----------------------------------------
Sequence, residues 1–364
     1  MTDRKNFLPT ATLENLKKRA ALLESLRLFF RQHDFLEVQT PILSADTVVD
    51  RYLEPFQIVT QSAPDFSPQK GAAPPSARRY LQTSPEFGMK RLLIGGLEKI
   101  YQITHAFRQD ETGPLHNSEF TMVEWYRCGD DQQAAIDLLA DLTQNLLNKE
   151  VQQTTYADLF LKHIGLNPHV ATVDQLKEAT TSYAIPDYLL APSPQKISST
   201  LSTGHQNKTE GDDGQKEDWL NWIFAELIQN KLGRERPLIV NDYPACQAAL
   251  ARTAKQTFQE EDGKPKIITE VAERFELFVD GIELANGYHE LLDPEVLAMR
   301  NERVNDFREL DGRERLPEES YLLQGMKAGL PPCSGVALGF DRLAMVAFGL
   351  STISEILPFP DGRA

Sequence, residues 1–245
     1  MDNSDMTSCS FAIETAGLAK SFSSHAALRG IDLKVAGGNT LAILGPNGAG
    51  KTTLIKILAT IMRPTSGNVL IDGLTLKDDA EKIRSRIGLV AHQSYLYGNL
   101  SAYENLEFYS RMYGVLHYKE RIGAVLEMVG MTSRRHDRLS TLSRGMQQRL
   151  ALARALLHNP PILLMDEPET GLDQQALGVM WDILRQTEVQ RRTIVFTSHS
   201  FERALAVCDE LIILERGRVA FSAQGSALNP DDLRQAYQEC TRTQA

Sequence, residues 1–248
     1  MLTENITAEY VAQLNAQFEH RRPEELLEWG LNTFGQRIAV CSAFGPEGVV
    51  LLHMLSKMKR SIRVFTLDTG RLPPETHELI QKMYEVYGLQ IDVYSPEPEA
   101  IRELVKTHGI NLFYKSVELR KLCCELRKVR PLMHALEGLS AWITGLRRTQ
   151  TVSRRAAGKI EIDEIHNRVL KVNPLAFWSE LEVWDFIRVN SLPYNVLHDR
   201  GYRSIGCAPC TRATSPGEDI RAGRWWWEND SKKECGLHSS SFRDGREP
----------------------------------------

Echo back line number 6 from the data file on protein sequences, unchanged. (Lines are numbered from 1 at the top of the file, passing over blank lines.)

   201  LSTGHQNKTE GDDGQKEDWL NWIFAELIQN KLGRERPLIV NDYPACQAAL